The Things They Carried: Short Story Analysis

Instructor: Margaret Stone

Margaret has taught both college and high school English and has a master's degree in English.

Tim O'Brien's ''The Things They Carried'' is a collection of short stories. Some of the characters appear in several different stories, and the stories often change slightly with each retelling. O'Brien's goal is for the reader to experience the war stories in a way that reflects the experiences of the young soldiers in Vietnam.

Overview

Tim O'Brien's The Things They Carried is a collection of loosely related short stories. The stories are semi-autobiographical, with the writer appearing as both a character and as the narrator of these stories about a platoon of soldiers fighting in the Vietnam War. The book's narrative structure allows readers to experience some of the emotions experienced by O'Brien's characters.

Character Development

In this collection of short stories,O'Brien avoids the use of chronological order. Many of the characters appear in more than one of the stories, though all the stories are very loosely woven together. Since the plot does not employ chronological order, readers sometimes learn of a character's death before the character has been fully developed.

In the case of Curt Lemon, the character's death is presented before the character is even introduced to the reader. 'Curt Lemon hanging in pieces from a tree,' the writer says on the first mention of this character. Only later, after the death of the character, does the reader learn more about Curt Lemon. His dental phobia and his trick-or-treat adventure, both revealed in later stories, provide further character development.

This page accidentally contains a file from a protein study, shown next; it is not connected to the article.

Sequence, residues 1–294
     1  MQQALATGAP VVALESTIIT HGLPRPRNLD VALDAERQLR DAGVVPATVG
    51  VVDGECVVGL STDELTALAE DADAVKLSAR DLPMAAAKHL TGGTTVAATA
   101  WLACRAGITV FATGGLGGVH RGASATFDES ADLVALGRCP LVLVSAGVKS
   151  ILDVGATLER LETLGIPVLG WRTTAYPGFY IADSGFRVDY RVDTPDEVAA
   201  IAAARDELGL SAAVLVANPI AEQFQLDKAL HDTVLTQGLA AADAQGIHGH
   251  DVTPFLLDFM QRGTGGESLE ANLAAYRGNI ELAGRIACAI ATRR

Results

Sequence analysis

Typically, a writer would develop the character before he or she dies so that readers have an emotional investment in the character. However, readers may not care about Curt Lemon's death because they know nothing about him.

When Curt Lemon's remains are splattered into a tree, Dave Jensen sings 'Lemon Tree' as he and O'Brien remove body parts from the tree. The soldiers in The Things They Carried often use this kind of gallows humor to distance themselves from the deaths of their friends. Readers also experience a similar distancing effect as a result of O'Brien's unusual technique in presenting Curt Lemon's death before readers are allowed to know or care about the him.

The Dead Live

Tim O'Brien views storytelling as a way to bestow immortality on his characters. O'Brien tells the story of Linda, who was his girlfriend when he was nine years old. After Linda dies, he discovers that he can bring her back to life for himself in his dreams. He begins to look forward to these dreams and fantasies in which Linda lives again, as opposed to the terrible reality in which she is dead.

O'Brien reports the same phenomenon occurs when Rat Kiley tells stories about Curt Lemon. 'To listen to the story, especially as Rat Kiley told it, you'd never know that Curt Lemon was dead. He was still out there in the dark, naked and painted up, trick-or-treating, sliding from hootch to hootch in that crazy white ghost mask. But he was dead.'

Metafiction

The Things They Carried is a work of metafiction; that is, it is a work in which the writer consciously alludes to the work of literature itself. By including himself in the work, O'Brien blurs the line between fiction and reality. In addition, O'Brien discusses the choices he makes in writing the book. For example, he allows readers to peek behind the curtain as he explains how he has wrestled with Kiowa's story. O'Brien retells the story of Kiowa's death several times in The Things They Carried, varying the details with each retelling in an attempt to get at the truth as he currently understands it.

O'Brien speaks directly to the reader when he explains his goal: 'I want you to feel what I felt. I want you to know why story-truth is truer sometimes than happening-truth.'

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